The martial arts extravaganza Sword Master comes with one heck of a pedigree behind it, and thankfully it lives up to what came before it, offering up one of the most crowd pleasing wuxia flicks in recent memory. Does it all make perfect sense? Nope. Is it kind of silly? That goes almost without saying. Was I grinning from ear to ear throughout? Absolutely. People looking for an entertaining, unpretentious martial arts flick will be in heaven with this one.
Sword Master is another big screen adaptation of novelist and screenwriter Gu Long’s Sword of the Third Master. One of the earliest and most noteworthy portings of the material was the Shaw Brothers produced Death Duel in 1977, although there have been plenty of other films directly or indirectly influenced by Long’s work. Director and co-writer Derek Yee (Shinjuku Incident, Protégé) approached Sword Master as a labour of love, working alongside producer and co-writer Tsui Hark (The Once Upon a Time in China series) for several years to get this made. The material even has a special place in Yee’s heart beyond it being a fun story to tell. One of Yee’s first acting gigs was in Death Duel as the fabled Third Master. With bona fides firmly in place, Yee unfurls a raucously delightful yarn of assassins, forbidden love, ancient mythology, and a whole lotta swordfights.
Like many wuxia flicks, Sword Master has a set up akin to a grand fairy tale, balancing many storylines and morals that will eventually and often quite obviously and unsubtly intersect. The primary plotline surrounds Swordsman Yen, a tortured hitman who looks a bit like Brandon Lee from The Crow with facial tattoos. He’s weary, but precise, exacting, and undeniably skilled when it comes to taking out entire crowds of enemies without breaking a sweat. He’s constantly chasing the chance to become famous by killing the only martial artist that’s seen as being better than he is: the almost untouchable Third Master. But by the time he finally makes his way to the almost mythical kingpin’s hideout, the ruler’s disciples tell Yen that the master has just died. Despondent, the assassin contemplates death and the purpose of his life, but on the periphery of all this there might be a bigger problem brewing. With the Third Master gone, there’s a struggle for power in the martial arts world. Whoever can wield the blade of The Third Master can lay claim to being the greatest, sparking a lot of fighting against factions, clans, and loners all seeking to lay claim to the throne. Also, there’s a good chance that The Third Master isn’t dead after all.
Sword Master is the kind of martial arts flick peppered with delicious bits of dialogue like “I sharpen my blade on talkative men’s throats” and “Your thirteen sword style can only kill me if I err on my seventh move.” Yee and company steep their narrative in traditional wuxia themes of honour, valour, love, and respect, and never shy away from the fantastical aspects of the genre. It feels in its most winsome moments like a bedtime story.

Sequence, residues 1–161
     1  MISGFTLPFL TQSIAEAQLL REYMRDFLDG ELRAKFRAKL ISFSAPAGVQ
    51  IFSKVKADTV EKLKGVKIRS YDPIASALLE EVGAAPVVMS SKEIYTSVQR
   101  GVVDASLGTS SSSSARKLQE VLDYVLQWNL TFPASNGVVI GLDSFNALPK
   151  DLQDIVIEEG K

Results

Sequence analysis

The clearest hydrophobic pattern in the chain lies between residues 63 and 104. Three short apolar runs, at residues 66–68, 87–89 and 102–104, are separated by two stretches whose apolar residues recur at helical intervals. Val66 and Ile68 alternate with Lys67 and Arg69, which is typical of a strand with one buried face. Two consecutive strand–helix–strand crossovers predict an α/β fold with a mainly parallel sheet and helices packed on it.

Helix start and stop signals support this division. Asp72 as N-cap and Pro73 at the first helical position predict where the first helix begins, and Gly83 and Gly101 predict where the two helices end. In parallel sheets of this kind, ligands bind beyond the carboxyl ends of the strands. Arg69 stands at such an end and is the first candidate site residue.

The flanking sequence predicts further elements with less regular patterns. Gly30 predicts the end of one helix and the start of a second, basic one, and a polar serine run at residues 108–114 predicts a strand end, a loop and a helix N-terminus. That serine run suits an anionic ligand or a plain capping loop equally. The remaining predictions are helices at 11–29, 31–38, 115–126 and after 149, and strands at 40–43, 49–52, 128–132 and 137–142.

But while Sword Master embraces its sometimes cheesy nature wholeheartedly, it’s also balancing a fair deal of great character work. Every clan and swordsman wishing to prove they’re the best feels fully fleshed out, and for the most part the characters always maintain some shred of sympathy on the part of the viewer even if they turn out to be evil. There’s a likability to all of this that extends beyond visceral thrills, and casts a spell on the viewer by being watchable on entertainment value alone. Yee takes things just seriously enough to hold the entirety of Sword Master’s sprawling, sometimes unwieldy narrative together. It’s cinematic junk food chock full of classic clichés and tropes delivered as lovingly as possible, but it’s as balanced as a meal made solely from junk food could hope to be. Like professional wrestling, Sword Master is a head crunching soap opera, but it’s pretty great at what it’s trying to achieve.
Aside from some occasionally dodgy bursts of CGI, the action sequences and large scale fights are also top notch, especially a battle between a clan that’s trying to protect the family of their master and a bunch of menacing looking “dregs” with skull masks throwing more poison tipped weapons than there are people to kill. This segment kicks off the ludicrously fun finale for the film, which will send martial arts fans home on a high note.
If you love these types of films, you’ll love Sword Master. They still don’t make them like they used to, but Yee and his cast and crew briefly recapture some of that giddy fun for a brief, shining moment.
Sword Master opens on Friday, December 9th in Toronto at Cineplex Yonge and Dundas, in Markham at Cineplex Varsity & VIP, in Calgary at Cineplex Crowfoot Crossing, in Edmonton at Cineplex South Edmonton Crossing, and in Richmond, B.C. at SilverCity Riverport.
Check out the trailer for Sword Master:
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